Valerie made her way up the paving path beside the drive and rung the bell. A sing-song melody played as Tony, the footage captured just in case, shifted his camera for easier carrying and followed her up the path.
The door was answered to them by an attractive, slender woman somewhere beyond sixty. Valerie was immediately struck by immaculate makeup and hair – not far from her own, but hers was needed professionally.
Her body showed signs of determined, disciplined yoga and fitness routines, and the touch of silvering to her hair was something she’d worked with, not ignored. Still a striking woman, and she carried herself like one. To judge by the light, almost scanty nature of her clothing, this woman wasn’t planning to go out today.
In fact, Valerie found it quite surprising she’d been willing to answer the door dressed so revealingly without throwing on a dressing gown at least.
She peered out at them, smiling brightly. “Where do I know you from?” she asked Valerie.
Never one to miss her cue, Valerie smiled her friendly, confiding smile. “You’ve probably seen me on TV with a microphone,” she said. “I work for a production company specialising in detailed investigative reporting.” She paused to let that sink in. “And you are…”
“Becky,” the woman said, with a broad smile and an intonation that made Tony flush and made her seem thirty or more years younger; a young woman’s mannerism ingrained so deeply it had survived as the woman who used it evolved.
“We were hoping to speak to Mr Keogh,” Valerie tried. “Is he in?”
“Oh, yes,” she said, her face lit up in a radiant smile. “Wait here.”
She closed the door, a deft bit of business with her own foot preventing Valerie from keeping it open with her own. That was the journalist’s first indicator that there was more to her than the initial houseproud, body-proud woman she’d seen.
She pulled out her phone, opened her notes program, and started skimming through the research, looking for the information gathered or suspected about the early days of this smuggling ring.
There was certainly a Becky there, or, more accurately, a Rebecca Wilson. She’d even disappeared while staying at Keogh Caravans.
She turned the screen to show Tony, who frowned.
“Stockholm Syndrome doesn’t look that happy,” he said. Valerie could only nod.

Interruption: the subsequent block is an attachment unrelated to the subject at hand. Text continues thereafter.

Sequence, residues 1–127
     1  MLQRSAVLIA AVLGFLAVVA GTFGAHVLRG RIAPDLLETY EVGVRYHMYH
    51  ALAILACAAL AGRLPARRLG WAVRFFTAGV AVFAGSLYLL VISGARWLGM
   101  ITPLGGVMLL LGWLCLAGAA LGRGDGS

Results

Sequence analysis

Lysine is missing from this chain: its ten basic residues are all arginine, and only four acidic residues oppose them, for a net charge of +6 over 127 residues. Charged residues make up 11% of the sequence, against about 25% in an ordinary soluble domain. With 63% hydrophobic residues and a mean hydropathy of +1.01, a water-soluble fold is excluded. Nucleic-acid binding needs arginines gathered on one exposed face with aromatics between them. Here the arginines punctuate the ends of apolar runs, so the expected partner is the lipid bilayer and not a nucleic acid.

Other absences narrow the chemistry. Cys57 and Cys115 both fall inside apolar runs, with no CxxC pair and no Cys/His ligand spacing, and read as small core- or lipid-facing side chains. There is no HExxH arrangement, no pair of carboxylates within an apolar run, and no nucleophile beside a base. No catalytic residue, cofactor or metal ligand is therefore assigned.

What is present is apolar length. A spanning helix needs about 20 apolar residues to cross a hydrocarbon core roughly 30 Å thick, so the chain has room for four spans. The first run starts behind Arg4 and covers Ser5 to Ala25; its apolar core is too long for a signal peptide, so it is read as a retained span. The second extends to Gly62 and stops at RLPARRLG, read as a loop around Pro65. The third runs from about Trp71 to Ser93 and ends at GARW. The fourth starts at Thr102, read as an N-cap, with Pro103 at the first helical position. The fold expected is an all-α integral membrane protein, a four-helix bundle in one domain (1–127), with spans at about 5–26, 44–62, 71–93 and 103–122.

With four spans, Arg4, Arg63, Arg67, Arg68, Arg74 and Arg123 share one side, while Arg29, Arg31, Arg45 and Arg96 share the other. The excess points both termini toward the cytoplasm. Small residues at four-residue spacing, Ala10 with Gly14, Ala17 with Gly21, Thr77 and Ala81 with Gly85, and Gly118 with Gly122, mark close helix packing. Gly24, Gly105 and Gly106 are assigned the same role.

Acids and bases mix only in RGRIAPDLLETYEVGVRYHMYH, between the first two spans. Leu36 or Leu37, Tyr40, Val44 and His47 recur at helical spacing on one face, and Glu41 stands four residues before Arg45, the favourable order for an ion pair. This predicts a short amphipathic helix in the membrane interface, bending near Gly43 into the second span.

This puzzle kept on failing to fit into place.
“So why is she staying with him? She’s clearly got the run of the place.”
Valerie chewed thoughtfully on her lower lip. “I keep thinking our perspective is wrong,” she says. “That we’re looking at this from the wrong angle. And if we find the angle, everything will just fit into place…”
The door opened again.
“He’s happy to speak with you,” Becky told Valerie. “But I mentioned that your young man,” and the confiding, sensual tones she imbued the phrase with had Valerie smiling in the conspiracy of sexually satisfied sisterhood for a moment, despite the fact she’d never even considered Tony, “had a camera.”
Her smile became a quick frown of gentle disapproval. “He doesn’t want to be filmed. He wondered if perhaps you’d be willing to record the interview in sound only?”
Tony and Valerie exchanged glances. It was a fair enough question. Just… awkward.
“Alright,” Valerie said, answering for Tony.
Becky nodded. “Right. That’s settled. Now, would you rather both come in and leave the camera in your car or van or what-have-you or would you rather he minds the camera?”
Another pair of surprised glances. It felt like some kind of trap, but it was phrased as concern. And Becky had a point; there was already plenty of footage on there – evidence – they wouldn’t want to lose.
Becky chuckled. “Oh, don’t be silly,” she said. “Billy couldn’t win a fight with either one of you if he wanted, these days. And if you think I could you’re giving me too much credit. But if you want an interview, you’ll be here a while.
“So if this was a trap, it’d be easier to catch you on the way out.” Her face still bore that half-angelic, half-lewd knowing smile. She could have been discussing how the reporters took their tea. And yet it was absolute confirmation of her knowledge. Tony wished he’d had the camera trained on her.
“In fact,” Valerie said slowly, “We’re actually better off if we’re in two different places.”
That got Tony’s attention. His eyes widened and he snapped his focus away from Becky (well, alright, Becky’s unconcealed cleavage), back to Valerie. “What? No.”
“You know I’m right, Tony,” she said. “Tell you what. Stay near. Call me every fifteen minutes.”